Syd Solomon

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Syd Solomon
BornJuly 12, 1917
DiedJanuary 28, 2004 (age 86)
EducationArt Institute of Chicago, L’Ecole des Beaux-Arts
Known forPainter
MovementAbstract expressionism

Syd Solomon (July 12, 1917 – January 28, 2004) was an American abstract artist. He spent most of his time in his homes in both East Hampton, NY and Sarasota, Florida which influenced many of his paintings. His works have been featured at The Guggenheim, The Whitney, Corcoran Gallery of Art, The Wadsworth Athenaeum and several others.

Early life[edit]

Solomon was born in Uniontown, Pennsylvania to a Jewish family. And this is where he also got his start painting, in high school.[1] Later he went on to study at the Art Institute of Chicago from 1935 to 1938.[2] In 1940 he enlisted in the Engineer Aviation Regiment, First Camouflage Battalion of the military.[2] During this time Solomon helped design camouflage for the California coast near the San Francisco area.[2] Later he was assigned to the Royal Engineer Camouflage Corps in London where he designed camouflage to be used against the Germans in World War II.[2] He even went on to earn the Bronze star for his contributions during the Battle of the Bulge.[3] During his time in London he mostly performed aerial reconnaissance which inspired his ideas of abstract art.[1] After leaving the military he went on to attend classes at the French art school L’Ecole des Beaux-Arts in 1945.[1]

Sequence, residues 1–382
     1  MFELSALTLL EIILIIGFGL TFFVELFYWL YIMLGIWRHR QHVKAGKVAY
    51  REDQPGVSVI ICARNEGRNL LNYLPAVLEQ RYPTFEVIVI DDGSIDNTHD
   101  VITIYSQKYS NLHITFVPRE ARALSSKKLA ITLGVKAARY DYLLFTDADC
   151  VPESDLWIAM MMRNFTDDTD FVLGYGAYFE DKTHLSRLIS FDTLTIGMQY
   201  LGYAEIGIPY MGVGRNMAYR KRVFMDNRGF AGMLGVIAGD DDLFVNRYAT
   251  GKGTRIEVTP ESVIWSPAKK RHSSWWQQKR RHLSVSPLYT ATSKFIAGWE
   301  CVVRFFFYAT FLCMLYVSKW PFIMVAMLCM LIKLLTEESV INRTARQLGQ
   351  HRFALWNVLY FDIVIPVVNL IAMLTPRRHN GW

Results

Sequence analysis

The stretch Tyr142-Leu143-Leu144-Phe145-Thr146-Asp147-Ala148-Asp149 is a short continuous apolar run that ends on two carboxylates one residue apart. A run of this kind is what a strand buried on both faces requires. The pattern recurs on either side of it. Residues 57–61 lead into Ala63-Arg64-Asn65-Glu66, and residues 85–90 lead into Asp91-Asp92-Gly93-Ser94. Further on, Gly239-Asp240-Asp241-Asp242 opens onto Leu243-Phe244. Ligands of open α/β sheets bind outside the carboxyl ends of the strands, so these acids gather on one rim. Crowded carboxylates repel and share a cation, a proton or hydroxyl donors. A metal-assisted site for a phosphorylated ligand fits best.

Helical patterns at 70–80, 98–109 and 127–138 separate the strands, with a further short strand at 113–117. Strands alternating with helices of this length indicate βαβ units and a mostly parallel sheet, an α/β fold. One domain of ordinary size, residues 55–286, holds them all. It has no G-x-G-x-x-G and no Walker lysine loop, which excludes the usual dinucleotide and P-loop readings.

Late life[edit]

Solomon and his wife Annie moved to Sarasota, Florida in 1946. Sarasota is home to the Ringling Museum of Art where Solomon first began displaying his work.[1] His was the first work by a contemporary artist to be displayed in the museum.[1] His work was quickly noticed by the other artist and curators.[1]